You’ve purchased the school supplies, completed the forms, and updated the shots. While many parents consider the school prep done, a little more is needed to give children their best start. First, alleviate their fears. Each new year brings new challenges — different teachers, altered schedules, more difficult assignments. Some children greet the changes with excitement; others with fear. Parents can help turn the fear to excitement. Fear stems from feeling overwhelmed and unprepared. To combat the sense of being overwhelmed parents should help children break the challenges into manageable pieces. Instead of dealing with the larger challenge of Algebra, break the year’s math into steps: learning to factor, dealing with negatives, etc. When children face small bites rather than the whole pie, they tackle the challenge more confidently. Information cures the sense of being unprepared. Listen to your child’s concerns with an ear toward filling in what they don’t know. As you clear the confusion on how to pay for lunch or the process for turning in homework, you help enable your children to face the unknown with enthusiasm. Secondly, help your children set goals. Short term works best for younger children; give a more long-term outlook to your high-schoolers. With younger children, help them write down three goals they would like to accomplish during the first nine weeks. Master their five’s multiplication tables, begin using 20 new vocabulary words, or they might focus on something apart from school such as gathering 30 new specimens for their bug collection. High-schoolers can begin thinking where they want to be at graduation — academically, financially or vocationally — and then establish what they can do in the coming year to achieve that larger picture. Goals excite our children about the possibilities and give a map and focus for their time. The enthusiasm for accomplishing something they desire spills over into working hard at even the tasks they didn’t choose — spelling for example. See Wednesday's Times Sentinel for the full story.
- There arose such a clatter Clement Clarke Moore may have had reindeer on his mind when he sprang from his bed to see what was the matter. But the clamor today resonates to something not nearly as fun as eight tiny reindeer. The fuss is about an anti-nature ad that Toys“R”Us has created.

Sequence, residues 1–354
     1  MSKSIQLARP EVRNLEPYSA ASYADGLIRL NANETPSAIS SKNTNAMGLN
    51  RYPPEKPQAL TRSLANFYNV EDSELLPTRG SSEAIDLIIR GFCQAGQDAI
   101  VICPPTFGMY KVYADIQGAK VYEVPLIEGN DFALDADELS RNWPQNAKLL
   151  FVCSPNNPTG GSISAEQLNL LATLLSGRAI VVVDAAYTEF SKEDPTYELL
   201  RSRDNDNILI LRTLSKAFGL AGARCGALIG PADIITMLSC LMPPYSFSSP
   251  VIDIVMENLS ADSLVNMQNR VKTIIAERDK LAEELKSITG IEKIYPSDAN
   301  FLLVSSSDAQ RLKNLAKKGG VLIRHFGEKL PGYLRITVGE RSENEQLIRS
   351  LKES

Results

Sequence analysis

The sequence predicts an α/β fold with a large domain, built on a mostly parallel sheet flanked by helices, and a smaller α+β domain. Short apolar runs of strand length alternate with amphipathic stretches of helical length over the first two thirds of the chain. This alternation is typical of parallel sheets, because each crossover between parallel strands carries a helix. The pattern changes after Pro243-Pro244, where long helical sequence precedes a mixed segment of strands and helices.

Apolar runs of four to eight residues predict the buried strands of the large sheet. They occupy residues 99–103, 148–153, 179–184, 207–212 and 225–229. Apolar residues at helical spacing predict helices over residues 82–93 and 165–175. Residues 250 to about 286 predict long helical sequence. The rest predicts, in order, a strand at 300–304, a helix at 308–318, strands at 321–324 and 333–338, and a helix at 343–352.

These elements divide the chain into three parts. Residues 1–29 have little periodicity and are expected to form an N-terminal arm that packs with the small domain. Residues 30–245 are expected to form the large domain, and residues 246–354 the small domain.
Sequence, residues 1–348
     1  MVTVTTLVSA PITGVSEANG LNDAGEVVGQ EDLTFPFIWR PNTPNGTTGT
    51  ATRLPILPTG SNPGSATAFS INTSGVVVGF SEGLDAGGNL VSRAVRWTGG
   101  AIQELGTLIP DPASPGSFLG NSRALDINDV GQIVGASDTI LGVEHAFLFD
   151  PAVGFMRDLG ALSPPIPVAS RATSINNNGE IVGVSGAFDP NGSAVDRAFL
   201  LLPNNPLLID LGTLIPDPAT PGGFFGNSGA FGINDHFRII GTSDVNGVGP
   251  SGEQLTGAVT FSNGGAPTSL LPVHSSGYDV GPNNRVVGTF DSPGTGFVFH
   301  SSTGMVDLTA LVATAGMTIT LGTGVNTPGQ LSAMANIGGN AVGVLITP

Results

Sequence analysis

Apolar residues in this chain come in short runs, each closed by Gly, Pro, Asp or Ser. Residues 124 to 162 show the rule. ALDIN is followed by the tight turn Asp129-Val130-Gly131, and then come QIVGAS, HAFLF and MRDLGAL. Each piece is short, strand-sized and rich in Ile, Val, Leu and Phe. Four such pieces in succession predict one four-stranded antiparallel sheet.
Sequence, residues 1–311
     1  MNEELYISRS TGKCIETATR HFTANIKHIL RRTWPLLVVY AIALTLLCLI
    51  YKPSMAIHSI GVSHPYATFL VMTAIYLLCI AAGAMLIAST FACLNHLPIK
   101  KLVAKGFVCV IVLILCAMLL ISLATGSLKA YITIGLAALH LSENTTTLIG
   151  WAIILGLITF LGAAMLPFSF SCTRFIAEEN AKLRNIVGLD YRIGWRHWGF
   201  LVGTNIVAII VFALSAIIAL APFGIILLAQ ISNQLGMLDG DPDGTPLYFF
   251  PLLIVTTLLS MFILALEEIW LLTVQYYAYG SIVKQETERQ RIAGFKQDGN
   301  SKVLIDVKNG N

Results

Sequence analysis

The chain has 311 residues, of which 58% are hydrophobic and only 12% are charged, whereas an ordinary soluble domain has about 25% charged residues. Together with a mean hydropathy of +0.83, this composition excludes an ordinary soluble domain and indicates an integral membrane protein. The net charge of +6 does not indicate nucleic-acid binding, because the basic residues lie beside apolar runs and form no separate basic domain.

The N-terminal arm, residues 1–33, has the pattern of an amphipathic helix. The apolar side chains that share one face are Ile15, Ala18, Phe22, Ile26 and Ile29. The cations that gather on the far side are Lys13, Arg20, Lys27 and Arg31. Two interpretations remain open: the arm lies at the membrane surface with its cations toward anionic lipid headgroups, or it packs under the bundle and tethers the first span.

Fight on over same-sex marriage
INDIANAPOLIS - Oh, it's on. If there was any doubt that the coming fight over the same-sex marriage ban amendment in Indiana was going to be elevated to the national level, it's gone. On Tuesday, Nov. 26, Mary Cheney, the gay daughter of former Vice
- Smoldering artistic spark rekindled Exposure to the arts community in Zionsville has inspired me.
Helping children behave at Grandma’s
As families gather for Thanksgiving and other holidays, many parents worry whether their children will behave. With one ear tuned to the conversation with relatives and the other for misbehavior, parents have a hard time relaxing. A few tips can free both parents and children to enjoy the day.
Thankful for comfy pants
With the holiday season fully kicked off and running, I think it is high time to pay my respects to the most humble of pants, comfy pants.
Smokers' rights could be heated legislative issue
When Indiana lawmakers return for the 2014 session in early January, they’ll step into the highly charged issue of marriage equality as they debate the proposed amendment that would lock a ban on same-sex marriage and civil unions into the state constitution. But it may not be the only heated debate over government intrusion into people’s private lives.
Burn calories while being thankful
Oh yeah — time for Thanksgiving, and for the last two years I have offered eating tips on how to “manage the damage” of Thanksgiving and holiday eating. Let’s change it up and have some fun answering the question, “How many calories do you burn during a Thanksgiving meal?”
- Support Small Business Saturday every day It’s as if it were custom made for Zionsville — Small Business Saturday.
- You can’t have Indian pudding if you don’t eat your meat As I planned the Thanksgiving Day feast for my family this year, I kept feeling like something was missing.
- Band parents help orchestrate Goshen tax increase Never underestimate the power of high school band parents. That’s one lesson coming out of the special elections this month, when voters in four Indiana communities were asked to raise property taxes to provide more funding for their local schools.
- More Commentary Headlines